Seventh-century BC symposium to bring ancient learning to life

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The Laura F. Willes Center for Book of Mormon Studies will host an afternoon of lectures on writings in seventh-century BC on Friday Aug. 31, from 1:30-5:30pm  in the Harold B. Lee Library Auditorium.

The Willes Center for Book of Mormon studies has sponsored two symposiums since its beginning in 2007. In 2008, it focused on the importance of understanding and applying sacred ancient symbols. This year, the center invited four prominent scholars from around the world to speak.

John Gee, Associate Research Professor of Egyptology at the Willes Center, emphasized that each speaker is among the most prominent of seventh-century scholars in the world.

“We have a really, really good selection of speakers. It is not unusual to bring in a good speaker to BYU, but it is unusual to get this many at once,” Gee said. “If you want to know about what it was like to get an education in the learning of the Jews, this is the time to find out.”

Paul Hoskisson, the director of the Willes Center of Book of Mormon Studies since 2008 and a professor of Ancient Scripture, said the topics covered in this symposium deal with pivotal issues of writing during the seventh century BC. They will help listeners gain knowledge of the advantages and disadvantages we have now in general learning and teaching.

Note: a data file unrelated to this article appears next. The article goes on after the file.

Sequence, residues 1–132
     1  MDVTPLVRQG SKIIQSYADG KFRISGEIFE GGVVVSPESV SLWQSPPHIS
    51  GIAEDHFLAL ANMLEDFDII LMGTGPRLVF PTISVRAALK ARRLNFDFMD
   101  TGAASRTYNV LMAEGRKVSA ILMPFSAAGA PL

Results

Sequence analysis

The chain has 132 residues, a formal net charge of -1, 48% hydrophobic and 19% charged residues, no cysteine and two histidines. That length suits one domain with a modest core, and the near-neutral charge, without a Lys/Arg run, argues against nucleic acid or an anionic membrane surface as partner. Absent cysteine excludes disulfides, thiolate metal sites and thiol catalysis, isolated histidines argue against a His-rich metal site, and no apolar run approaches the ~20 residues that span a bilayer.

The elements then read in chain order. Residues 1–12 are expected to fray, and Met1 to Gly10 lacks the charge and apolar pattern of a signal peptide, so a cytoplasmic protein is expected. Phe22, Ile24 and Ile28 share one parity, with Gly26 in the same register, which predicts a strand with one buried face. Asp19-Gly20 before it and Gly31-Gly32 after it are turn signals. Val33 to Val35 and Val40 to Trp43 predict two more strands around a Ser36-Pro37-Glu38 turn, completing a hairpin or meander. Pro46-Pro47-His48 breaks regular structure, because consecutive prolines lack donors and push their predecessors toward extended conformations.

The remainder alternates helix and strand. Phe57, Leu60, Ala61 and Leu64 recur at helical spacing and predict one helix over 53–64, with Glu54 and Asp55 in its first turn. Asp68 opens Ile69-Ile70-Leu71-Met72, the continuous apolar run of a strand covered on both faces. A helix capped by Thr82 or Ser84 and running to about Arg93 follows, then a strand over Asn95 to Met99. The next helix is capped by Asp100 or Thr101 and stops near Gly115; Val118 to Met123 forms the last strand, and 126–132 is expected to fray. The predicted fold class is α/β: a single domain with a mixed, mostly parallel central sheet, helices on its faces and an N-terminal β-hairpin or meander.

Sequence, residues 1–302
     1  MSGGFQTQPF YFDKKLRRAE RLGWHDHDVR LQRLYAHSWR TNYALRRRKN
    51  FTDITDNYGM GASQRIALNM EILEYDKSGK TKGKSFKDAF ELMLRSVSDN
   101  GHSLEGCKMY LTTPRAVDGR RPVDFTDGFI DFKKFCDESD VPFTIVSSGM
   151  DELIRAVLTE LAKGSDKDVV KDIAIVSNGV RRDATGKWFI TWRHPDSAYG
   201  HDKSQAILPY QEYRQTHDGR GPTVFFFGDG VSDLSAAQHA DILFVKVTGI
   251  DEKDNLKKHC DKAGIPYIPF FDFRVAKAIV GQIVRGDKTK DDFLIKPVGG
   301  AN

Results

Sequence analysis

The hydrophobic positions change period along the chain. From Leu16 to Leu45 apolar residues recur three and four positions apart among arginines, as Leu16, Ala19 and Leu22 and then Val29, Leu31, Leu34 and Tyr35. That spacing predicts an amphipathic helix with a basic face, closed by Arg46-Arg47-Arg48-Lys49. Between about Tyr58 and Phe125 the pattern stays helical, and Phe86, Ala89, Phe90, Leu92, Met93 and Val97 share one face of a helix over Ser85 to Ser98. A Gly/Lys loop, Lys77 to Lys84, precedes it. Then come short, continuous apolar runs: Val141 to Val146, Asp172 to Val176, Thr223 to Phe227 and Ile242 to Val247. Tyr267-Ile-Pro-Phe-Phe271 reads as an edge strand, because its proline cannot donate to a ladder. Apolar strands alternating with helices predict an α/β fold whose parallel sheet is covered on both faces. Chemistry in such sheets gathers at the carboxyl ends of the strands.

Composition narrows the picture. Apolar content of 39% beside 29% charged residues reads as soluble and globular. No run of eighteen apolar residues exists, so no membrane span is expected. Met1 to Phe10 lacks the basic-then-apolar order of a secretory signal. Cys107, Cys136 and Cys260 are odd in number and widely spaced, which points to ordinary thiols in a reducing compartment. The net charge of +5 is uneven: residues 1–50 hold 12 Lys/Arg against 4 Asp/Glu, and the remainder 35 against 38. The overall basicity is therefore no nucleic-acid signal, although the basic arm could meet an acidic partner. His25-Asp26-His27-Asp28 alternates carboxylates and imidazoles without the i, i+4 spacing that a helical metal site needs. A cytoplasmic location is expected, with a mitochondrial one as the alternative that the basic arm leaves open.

“If history is defined as those times when humans wrote things down, then the half way point of history to date would be about 550 BC,” Hoskisson said. “Therefore, it can be said that the seventh century closes out the first half of all history.”

John Gee believes that the seventh century is a very key century in both world history and biblical history.

“It saw both the height and the demise of the Assyrian empire and saw the first spread of the Greeks,” Gee said. “For the Bible, most of the prophetic books come from that time period, stretching from Isaiah to Jeremiah.”

During this period of the probable formation of the early biblical books, the Aramaic alphabet, a precursor of our own alphabet, was also broadly used. That alphabet has proven very valuable in present-day writing.

Another similarity to our own day includes writing on tablets. “Not on tablet computers,” Gee said, “but on wooden tablets.”

Professor Marvin Sweeney from Claremont Lincoln University, Calif., whose topic is “Seventh-century Judean Historiography,” will discuss writings of Jewish history in seventh-century BC.

Professor K. Lawson Younger from Trinity International University, Ill., whose topic is “The Role of Aramaic in the Neo-Assyrian Empire,” will talk about the various languages used during the Pax Assyriaca.

Speaking on “The State of Literacy in the Levant of the Seventh Century BC,” Professor Christopher Rollston of Emmanuel Christian Seminary of Tennessee, will discuss what is known about the range of literacy during the seventh century, and Professor Stefan Wimmer of the University of Munich, Germany, will expound on what little is known about the use of an Egyptian script among the Jews in his lecture “Palestinian Hieratic.”

“This is something to be excited about,” Gee said. “If students can possibly find the time, they should flood the lecture hall.”

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